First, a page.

Dobromylski discussed design rules and tolerances, and handed round samples of custom interconnects for applications ranging from motor sport to missiles, demonstrating how sculptured circuits could provide a cost effective solution to complex interconnection problems whilst simplifying assembly and increasing reliability.
Surface mounted interconnects (SMIs) were an ingenious spin-off of the sculptured circuit principle. Effectively small jumper circuits, available in a range of standard patterns but made to specific design if required, they were packaged on tape reels for use on pick-and-place machines. Placed as a surface-mount component across a routed slot in a panelised rigid circuit, an SMI became a flexible bridge between rigid areas once the assembly was broken out of the panel - a low-cost flex-rigid circuit!
Steve Driver returned to introduce Calin Huma, CEO of BRIDGE (British Romanian International Development Gateway Exchange), who had been instrumental in introducing him to business and commercial opportunities in Romania. Huma, who had grown up in Romania, but had studied and worked in the UK for many years, described how the country had developed in the years following the execution of Ceaușescu and the end of the communist regime in 1989. “Before 1989, all we knew about capitalism was what we had seen in American cowboy movies!” With freedom came responsibility: there had been considerable difficulty in forming a government and constitution, democratising institutions, devolving power and adjusting to a free market economy with poor material resources. But major engineering companies like Rolls Royce and BAE Systems had set up manufacturing operations in Romania and there was a rapidly developing industry in aerospace, naval and automotive engineering. And the Romanian people had great respect and admiration for the British culture, and were keen to integrate. “Forget what you read in the press, we are not all bad apples!” Since 2007 a member of the EU, Romania now had the highest economic growth rate in Europe, a central location and a well-established infrastructure. So it offered great opportunities.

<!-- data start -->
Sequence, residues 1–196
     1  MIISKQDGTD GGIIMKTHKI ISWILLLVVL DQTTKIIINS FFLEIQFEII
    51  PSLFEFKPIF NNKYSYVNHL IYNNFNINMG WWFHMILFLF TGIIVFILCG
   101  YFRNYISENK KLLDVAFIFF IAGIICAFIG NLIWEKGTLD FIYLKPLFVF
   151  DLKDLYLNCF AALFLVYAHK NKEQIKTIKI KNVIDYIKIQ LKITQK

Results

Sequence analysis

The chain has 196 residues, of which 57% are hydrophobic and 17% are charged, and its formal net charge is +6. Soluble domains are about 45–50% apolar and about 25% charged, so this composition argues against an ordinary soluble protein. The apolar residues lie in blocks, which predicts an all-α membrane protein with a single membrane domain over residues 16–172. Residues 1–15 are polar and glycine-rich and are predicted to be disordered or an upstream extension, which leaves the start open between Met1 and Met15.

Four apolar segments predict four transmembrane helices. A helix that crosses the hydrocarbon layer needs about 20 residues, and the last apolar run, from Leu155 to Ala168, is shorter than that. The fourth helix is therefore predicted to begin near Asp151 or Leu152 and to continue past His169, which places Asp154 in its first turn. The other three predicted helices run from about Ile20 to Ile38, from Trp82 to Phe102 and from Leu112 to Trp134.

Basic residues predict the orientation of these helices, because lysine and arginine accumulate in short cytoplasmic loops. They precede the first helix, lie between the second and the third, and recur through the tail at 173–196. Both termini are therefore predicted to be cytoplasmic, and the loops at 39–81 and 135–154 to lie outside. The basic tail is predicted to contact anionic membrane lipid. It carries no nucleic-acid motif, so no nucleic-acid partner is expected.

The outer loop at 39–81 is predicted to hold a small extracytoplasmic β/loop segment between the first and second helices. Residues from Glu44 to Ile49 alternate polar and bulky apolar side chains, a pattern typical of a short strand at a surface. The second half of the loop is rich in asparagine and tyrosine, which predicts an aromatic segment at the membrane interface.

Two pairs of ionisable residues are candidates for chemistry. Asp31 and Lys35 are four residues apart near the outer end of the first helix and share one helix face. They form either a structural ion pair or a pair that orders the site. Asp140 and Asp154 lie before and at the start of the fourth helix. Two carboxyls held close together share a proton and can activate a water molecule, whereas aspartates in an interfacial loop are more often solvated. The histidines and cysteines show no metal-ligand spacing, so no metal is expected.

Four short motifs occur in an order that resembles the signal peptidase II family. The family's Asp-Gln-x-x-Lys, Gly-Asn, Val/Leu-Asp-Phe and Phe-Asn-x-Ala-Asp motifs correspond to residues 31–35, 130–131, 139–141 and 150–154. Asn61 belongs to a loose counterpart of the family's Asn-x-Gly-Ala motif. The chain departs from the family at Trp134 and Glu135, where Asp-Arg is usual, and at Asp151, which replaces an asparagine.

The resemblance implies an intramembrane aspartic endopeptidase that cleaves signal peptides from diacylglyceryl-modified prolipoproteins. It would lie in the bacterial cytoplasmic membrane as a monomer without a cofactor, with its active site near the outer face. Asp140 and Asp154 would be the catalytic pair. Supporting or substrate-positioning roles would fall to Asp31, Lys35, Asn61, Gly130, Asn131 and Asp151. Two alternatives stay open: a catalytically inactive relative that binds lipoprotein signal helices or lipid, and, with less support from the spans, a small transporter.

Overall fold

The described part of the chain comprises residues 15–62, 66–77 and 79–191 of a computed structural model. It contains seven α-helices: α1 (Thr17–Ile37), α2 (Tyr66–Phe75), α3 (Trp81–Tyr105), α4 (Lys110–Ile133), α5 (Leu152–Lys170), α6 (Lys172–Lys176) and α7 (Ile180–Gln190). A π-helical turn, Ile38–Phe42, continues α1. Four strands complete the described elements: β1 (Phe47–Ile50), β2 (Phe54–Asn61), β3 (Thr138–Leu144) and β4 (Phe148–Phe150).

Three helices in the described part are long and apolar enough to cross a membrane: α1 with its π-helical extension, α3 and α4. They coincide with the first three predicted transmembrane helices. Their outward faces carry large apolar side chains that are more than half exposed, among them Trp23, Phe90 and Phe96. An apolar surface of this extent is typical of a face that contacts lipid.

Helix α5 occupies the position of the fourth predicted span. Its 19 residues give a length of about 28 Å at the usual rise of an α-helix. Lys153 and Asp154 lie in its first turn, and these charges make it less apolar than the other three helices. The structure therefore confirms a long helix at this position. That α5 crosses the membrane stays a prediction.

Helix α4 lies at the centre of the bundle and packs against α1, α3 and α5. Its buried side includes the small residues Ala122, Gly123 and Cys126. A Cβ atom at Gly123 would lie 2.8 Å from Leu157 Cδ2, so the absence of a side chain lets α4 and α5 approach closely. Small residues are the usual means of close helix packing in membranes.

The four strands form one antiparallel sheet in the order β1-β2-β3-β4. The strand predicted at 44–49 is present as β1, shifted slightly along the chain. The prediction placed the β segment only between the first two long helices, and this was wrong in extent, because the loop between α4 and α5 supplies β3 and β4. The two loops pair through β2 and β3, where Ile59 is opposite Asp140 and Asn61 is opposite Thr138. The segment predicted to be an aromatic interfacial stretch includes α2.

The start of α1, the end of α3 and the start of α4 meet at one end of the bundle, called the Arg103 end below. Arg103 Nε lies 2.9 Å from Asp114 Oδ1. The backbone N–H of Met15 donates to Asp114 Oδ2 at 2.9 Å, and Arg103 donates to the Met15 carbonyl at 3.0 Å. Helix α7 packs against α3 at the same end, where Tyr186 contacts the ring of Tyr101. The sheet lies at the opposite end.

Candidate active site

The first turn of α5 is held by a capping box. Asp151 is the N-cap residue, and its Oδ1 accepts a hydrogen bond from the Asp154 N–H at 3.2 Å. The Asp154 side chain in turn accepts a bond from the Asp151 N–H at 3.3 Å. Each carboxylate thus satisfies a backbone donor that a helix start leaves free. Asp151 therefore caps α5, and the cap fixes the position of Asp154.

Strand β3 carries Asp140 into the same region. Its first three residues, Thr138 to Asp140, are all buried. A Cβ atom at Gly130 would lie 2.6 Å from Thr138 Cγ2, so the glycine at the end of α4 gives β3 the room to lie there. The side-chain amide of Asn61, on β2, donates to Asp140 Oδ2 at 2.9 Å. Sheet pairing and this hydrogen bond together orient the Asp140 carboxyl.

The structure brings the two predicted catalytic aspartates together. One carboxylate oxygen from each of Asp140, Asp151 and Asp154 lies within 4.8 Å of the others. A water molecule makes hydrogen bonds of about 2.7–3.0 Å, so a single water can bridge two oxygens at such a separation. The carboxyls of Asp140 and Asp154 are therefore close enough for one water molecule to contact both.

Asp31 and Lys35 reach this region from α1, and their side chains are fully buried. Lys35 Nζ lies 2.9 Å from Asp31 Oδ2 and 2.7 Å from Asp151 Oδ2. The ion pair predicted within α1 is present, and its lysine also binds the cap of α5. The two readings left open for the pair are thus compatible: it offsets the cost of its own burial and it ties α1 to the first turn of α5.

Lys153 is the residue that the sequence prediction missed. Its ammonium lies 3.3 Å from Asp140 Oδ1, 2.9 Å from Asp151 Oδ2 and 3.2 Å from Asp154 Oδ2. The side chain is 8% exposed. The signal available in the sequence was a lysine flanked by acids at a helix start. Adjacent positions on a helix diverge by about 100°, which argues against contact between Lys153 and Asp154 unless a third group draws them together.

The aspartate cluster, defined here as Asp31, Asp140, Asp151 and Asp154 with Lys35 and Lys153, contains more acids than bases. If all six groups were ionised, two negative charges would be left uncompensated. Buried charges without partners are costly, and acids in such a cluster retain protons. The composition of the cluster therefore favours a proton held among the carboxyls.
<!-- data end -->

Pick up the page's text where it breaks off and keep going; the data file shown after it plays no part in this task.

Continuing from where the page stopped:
Thanking Calin Huma for his inspirational presentation, Steve Driver asked “Why should I share my experiences and business plans at an event like this, when my competitors are present? One reason is that I want to encourage not just them, but our supply base, to follow us into Romania. By the way, who moved my cheese?”
Driver concluded the proceedings by revealing that Calin Huma was not only an international facilitator but also an acclaimed composer of classical music, whose symphony "Carpatica" was shortly to be premiered in London by the Philharmonic Chamber Orchestra. And in typical Driver style, he had invited a Romanian string quartet to provide a musical round-off to the evening.
The ICT Hayling Island Seminar has become a premier event in the Institute’s technical programme, and a great meeting-place and networking opportunity for the UK PCB industry and European visitors. And Steve Driver will unfailingly deliver an out-of-the-ordinary experience. What may next year’s event hold in store...?